Probiotic supplements can be expensive, but homemade sauerkraut only costs pennies a day. All you need is a mason jar, a head of cabbage, and some non-iodized salt!
Tip: Food trends can drive up the price of foods, but there is also an inexpensive way to make fermented foods; by doing it yourself!
22. Sauerkraut Benefits: Easy to make
There are two ways to make sauerkraut. Sauerkraut is a vegan food too (although I don’t recommend this kind of diet for most people).
- Wild fermentation, aka Lacto-fermentation and Lactic-acid fermentation
- Cultured fermentation
The easiest and cheapest is wild fermentation as I described. It requires just salt and cabbage. If you feel you are at risk for tyramine or histamine intolerance, I recommend using cultured fermentation by getting a lactobacillus culture.
Directions for Making Sauerkraut
I recommend checking out the Real Food Dietitians website for how to make good sauerkraut. Here is my simplified version:
- 1 head of red cabbage or green cabbage, preferably organic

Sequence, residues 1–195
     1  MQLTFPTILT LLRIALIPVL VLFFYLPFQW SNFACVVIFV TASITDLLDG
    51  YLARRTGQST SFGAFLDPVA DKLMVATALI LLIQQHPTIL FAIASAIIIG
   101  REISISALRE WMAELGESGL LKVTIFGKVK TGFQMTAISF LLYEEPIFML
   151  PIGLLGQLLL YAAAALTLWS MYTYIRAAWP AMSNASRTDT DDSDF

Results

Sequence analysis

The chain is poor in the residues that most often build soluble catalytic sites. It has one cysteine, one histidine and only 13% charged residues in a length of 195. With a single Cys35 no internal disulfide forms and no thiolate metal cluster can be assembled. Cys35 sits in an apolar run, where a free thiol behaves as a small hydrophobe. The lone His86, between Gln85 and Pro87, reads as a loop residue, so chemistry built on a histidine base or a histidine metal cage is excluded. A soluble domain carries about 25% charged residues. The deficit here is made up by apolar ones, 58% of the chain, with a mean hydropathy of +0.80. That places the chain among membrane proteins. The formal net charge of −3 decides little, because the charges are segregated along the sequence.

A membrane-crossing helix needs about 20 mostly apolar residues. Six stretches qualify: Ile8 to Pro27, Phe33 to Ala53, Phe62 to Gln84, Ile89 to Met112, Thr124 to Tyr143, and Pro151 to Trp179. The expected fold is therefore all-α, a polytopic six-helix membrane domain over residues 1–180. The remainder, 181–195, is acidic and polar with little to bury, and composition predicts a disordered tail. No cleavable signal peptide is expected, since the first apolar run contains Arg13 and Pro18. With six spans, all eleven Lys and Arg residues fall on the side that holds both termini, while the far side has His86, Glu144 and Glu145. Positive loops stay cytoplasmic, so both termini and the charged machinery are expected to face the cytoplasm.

- non-iodized salt, about 1 tbsp
- wide-mouth quart-size mason jar
- vegetable pounder*.
- Peel off the outer leaves of a cabbage, then slice the cabbage finely with a sharp knife on a cutting board.*I prefer to use a slicing food processor to slice the cabbage because I don’t risk cutting my fingers!
- Then, massage the chopped cabbage with salt, wait 45 minutes, and massage the cabbage again. You can use a vegetable pounder for this task as well.
- Next, tamp down the salted cabbage with a vegetable pounder in a large quart-size wide-mouth mason jar to release the cabbage juice. Make sure the liquid or brine covers all of the cabbage at this point.
- Place a cabbage leave cut to the size of the jar on top of the cabbage to help keep the sliced cabbage submerged.
- Place a small glass weight on top to weigh it all down, such as a very small glass jar.
- Loosely place a lid on top, making sure it is loose enough so gases can be released from the jar.
- Store the brined cabbage in low light and at room temperature for 7-14 days, and make sure to check on it every day to make sure all the cabbage is covered by the liquid brine.
How to Ferment Foods
Here is a general overview of fermenting foods. As you can see, fermenting fruits and vegetables can be quite easy once you get started. *Image used with permission from M. Swain, Ph.D. from Biotechnology Research International [R].
How to Use Sauerkraut